A new government assistance program in California will allow homeowners to buy their own property, but like with most things, there’s a catch. If citizens use this program, they’ll be required to fork over some of their profits from selling the house to the state. Let’s see if it’s still a good deal.

Homebuyer Assistance Is a Real Gift

Initially introduced in 2022, the homebuyer assistance program intends to offer Californian homebuyers as much as 20% of their downpayment and closing costs on a new home.

Source: Flickr/Sarah Gilbert

California’s property prices have gone up alongside the rest of the country, so this particular government assistance program is helping the state’s citizens deal with the rising cost of housing.

Not Like Other Housing Grants

While many people might see this on the surface as another housing grant, the homebuyer assistance program is very different from the typical housing grants states offer.

Source: Flickr/fumigene

In this case, the homebuyers will need to repay the amount “loaned” to them by the state. However, that repayment isn’t the same as a mortgage. It triggers after the home is sold.

The Dream For All Program Is A Good Plan

The Dream For All program (which the state is calling its homebuyer assistance program) aims to give people an affordable way to own a home. There are several hoops that citizens have to jump through first.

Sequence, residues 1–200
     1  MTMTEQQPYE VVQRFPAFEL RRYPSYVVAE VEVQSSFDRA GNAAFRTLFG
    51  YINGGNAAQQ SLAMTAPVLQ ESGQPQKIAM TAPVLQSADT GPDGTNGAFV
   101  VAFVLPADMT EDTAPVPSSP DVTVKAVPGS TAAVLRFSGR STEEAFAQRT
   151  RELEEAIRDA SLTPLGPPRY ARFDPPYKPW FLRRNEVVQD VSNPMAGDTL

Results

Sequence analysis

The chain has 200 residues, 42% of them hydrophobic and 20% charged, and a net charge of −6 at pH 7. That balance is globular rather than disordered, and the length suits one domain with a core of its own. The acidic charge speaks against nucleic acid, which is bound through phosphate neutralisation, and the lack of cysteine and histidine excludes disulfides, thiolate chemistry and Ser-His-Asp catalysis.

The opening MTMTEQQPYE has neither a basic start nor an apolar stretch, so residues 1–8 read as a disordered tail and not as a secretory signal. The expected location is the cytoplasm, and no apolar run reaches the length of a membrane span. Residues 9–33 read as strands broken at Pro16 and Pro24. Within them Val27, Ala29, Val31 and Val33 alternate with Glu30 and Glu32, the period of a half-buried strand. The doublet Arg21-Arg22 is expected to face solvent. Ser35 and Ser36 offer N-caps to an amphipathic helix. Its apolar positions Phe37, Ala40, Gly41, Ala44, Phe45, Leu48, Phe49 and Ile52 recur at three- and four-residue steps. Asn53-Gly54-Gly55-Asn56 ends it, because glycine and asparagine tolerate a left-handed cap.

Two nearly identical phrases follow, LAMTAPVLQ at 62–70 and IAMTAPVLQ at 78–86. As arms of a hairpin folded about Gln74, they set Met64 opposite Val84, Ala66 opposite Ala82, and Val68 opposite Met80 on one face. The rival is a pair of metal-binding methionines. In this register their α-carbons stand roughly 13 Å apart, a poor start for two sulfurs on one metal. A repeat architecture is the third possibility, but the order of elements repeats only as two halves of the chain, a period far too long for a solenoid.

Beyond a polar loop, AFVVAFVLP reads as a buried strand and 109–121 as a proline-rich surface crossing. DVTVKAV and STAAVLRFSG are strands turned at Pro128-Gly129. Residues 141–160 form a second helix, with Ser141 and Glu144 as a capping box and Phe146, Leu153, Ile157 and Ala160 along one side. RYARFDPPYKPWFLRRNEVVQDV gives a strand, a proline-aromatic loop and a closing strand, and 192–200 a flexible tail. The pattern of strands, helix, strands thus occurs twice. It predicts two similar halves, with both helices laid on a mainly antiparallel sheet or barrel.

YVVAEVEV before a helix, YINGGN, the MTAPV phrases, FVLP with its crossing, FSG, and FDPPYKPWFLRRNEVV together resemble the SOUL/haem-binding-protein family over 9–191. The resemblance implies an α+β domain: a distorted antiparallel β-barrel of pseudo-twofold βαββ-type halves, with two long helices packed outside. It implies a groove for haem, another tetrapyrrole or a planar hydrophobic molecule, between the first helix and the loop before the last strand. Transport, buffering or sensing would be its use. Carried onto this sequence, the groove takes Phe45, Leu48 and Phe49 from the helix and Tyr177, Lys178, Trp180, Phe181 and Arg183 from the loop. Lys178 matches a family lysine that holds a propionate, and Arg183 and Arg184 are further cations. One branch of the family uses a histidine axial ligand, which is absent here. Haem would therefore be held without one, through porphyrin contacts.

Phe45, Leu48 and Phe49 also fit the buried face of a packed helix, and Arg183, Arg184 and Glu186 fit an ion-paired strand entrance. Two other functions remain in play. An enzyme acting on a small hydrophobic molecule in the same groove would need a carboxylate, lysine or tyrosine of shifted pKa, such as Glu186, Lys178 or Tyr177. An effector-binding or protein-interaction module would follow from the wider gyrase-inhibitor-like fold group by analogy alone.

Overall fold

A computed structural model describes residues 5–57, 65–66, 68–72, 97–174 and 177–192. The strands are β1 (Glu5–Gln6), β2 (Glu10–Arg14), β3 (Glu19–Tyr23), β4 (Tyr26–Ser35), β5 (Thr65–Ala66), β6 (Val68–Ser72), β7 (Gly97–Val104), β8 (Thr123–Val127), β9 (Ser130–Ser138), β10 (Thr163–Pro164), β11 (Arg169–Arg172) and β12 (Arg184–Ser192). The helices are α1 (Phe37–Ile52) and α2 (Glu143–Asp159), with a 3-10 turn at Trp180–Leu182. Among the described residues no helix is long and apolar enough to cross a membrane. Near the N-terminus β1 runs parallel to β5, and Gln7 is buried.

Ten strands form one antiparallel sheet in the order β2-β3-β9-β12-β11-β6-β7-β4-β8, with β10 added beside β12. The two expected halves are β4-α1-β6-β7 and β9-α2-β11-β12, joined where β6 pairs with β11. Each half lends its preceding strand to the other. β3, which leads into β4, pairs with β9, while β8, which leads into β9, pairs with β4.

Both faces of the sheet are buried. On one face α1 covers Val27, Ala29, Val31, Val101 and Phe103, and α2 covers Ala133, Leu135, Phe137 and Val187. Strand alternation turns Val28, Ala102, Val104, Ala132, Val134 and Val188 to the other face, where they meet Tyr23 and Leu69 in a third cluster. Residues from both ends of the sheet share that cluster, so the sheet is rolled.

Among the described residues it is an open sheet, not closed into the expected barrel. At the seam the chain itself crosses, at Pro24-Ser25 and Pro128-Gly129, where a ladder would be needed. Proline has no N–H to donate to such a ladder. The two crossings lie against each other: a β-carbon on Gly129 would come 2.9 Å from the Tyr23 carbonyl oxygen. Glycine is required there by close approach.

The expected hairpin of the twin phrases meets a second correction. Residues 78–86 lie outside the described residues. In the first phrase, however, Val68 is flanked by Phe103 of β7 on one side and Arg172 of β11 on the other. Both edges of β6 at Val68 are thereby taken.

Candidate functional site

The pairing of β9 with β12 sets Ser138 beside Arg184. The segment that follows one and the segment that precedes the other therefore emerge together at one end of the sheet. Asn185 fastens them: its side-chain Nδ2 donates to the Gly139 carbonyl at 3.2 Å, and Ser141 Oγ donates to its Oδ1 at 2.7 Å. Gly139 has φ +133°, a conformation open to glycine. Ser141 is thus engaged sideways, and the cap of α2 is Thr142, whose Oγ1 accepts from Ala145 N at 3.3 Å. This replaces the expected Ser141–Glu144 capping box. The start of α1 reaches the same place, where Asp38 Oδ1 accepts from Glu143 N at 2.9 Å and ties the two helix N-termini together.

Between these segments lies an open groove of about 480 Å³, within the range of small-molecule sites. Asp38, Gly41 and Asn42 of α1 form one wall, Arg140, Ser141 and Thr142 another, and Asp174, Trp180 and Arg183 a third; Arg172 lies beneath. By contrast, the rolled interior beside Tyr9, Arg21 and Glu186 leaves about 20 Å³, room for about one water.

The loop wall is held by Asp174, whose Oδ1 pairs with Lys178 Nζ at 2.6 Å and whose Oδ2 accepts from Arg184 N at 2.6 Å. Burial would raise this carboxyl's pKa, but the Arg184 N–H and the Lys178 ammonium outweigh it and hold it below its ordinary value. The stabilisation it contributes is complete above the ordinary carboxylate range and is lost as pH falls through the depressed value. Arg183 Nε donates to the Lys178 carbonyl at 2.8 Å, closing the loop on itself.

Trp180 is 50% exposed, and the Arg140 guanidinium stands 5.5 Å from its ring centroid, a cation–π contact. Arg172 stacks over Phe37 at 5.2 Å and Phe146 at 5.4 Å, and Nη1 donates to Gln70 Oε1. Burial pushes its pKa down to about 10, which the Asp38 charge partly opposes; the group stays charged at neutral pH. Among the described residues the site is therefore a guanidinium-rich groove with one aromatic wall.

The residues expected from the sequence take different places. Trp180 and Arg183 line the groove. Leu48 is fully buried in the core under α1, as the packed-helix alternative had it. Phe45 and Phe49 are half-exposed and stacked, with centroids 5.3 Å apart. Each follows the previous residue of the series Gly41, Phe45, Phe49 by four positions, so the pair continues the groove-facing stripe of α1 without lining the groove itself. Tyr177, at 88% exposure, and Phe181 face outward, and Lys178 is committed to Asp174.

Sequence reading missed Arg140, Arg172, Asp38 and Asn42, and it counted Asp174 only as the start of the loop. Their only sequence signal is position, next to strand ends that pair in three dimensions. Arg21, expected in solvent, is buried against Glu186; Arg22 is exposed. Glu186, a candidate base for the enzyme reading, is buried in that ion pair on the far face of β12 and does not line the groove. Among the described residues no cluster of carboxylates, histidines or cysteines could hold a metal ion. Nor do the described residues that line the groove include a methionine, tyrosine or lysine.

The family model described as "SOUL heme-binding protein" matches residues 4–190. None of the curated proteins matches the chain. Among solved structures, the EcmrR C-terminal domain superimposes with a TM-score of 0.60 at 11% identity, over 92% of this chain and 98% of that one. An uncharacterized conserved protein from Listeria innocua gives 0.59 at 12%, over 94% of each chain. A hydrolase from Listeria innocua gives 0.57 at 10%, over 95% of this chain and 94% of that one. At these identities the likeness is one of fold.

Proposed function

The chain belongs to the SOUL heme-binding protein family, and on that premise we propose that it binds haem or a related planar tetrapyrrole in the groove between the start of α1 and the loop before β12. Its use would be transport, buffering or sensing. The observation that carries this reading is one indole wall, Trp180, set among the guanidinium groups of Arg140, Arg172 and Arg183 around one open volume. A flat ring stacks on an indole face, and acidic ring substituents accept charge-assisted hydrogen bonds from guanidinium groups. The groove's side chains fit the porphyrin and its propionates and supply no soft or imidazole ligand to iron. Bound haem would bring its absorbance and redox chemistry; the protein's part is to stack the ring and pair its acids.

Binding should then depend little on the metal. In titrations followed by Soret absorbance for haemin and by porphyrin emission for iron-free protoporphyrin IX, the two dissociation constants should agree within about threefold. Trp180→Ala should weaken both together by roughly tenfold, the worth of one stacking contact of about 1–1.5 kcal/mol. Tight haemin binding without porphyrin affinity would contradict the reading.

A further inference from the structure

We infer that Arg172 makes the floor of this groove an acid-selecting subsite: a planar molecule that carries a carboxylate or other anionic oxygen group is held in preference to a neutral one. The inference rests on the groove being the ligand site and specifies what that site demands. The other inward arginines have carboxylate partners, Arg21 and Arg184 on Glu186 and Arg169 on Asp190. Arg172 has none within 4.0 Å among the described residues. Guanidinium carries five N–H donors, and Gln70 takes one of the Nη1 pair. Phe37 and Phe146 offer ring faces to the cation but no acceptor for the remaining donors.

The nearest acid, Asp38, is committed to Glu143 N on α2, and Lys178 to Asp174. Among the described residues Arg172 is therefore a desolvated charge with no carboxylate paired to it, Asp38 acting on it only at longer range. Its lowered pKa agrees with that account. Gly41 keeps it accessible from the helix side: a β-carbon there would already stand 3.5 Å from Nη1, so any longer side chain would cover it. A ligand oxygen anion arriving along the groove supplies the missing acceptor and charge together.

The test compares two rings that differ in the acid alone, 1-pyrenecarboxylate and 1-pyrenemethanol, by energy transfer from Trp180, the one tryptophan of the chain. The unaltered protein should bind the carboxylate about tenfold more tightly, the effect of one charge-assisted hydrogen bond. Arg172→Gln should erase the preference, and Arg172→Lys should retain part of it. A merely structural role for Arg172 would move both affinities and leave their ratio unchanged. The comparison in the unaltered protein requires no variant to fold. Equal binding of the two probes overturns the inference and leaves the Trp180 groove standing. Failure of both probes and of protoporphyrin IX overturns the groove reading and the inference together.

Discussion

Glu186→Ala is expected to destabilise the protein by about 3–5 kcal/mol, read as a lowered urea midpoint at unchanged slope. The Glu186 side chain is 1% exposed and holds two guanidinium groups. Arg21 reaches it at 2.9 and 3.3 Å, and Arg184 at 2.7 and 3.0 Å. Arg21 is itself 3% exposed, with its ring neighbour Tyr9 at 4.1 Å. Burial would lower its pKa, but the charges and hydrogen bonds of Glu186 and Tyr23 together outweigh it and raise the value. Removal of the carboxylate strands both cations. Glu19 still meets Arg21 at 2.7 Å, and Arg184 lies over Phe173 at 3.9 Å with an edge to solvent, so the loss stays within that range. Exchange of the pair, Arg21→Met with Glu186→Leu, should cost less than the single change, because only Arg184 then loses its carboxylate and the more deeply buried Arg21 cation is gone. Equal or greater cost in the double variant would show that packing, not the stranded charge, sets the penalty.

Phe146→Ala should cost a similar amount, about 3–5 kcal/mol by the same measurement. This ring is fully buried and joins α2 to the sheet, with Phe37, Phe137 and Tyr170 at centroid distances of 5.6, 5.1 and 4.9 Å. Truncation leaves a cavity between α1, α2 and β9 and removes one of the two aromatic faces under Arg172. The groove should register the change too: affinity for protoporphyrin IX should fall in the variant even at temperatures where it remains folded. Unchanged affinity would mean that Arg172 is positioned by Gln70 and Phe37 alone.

Source: Flickr/Joe Wolf

Homebuyers who access the Dream for All program can get up to 20% of the cost of the home (up to a maximum of $150,000). However, this program only applies to first-time homebuyers and acts as a secondary loan on the property.

Not Everyone Is Eligible for the Dream For All Program

Despite the program’s attempt to offer first-time homebuyers a good deal, the requirements to qualify for the Dream for All program are severely restrictive.

Source: Flickr/Eric Mesa

The program requires a credit rating of over 660 and a maximum income of no more than 120% of the area median, which excludes many families from using it.

Great Resource for Some Buyers

Once you can qualify for the Dream for All program, it is an excellent resource for people who can make mortgage payments but need that extra push to afford the downpayment on a house.

Source: Flickr/Markus Spiering

Unfortunately, with every positive thing comes something people need to be wary of. It’s no different in the Dream for All program since there’s a hefty caveat attached to it.

Selling Homes Will Force You to Pay The Loan

If you’re a California resident accessing the Dream for All program, you will get your downpayment, and the government won’t bother you about the loan you took.

Source: Flickr/duncan cumming

However, the minute you decide to sell the house, the state will come knocking for its share. Their share is 20% of the house’s final sale value, reducing the profit you make from it.

You’ll Likely Be Paying Back More Than You Borrowed

If you settle for a downpayment from the Dream for All program, the state will lend you 20% of the downpayment for the home, which is less than the final value of the house.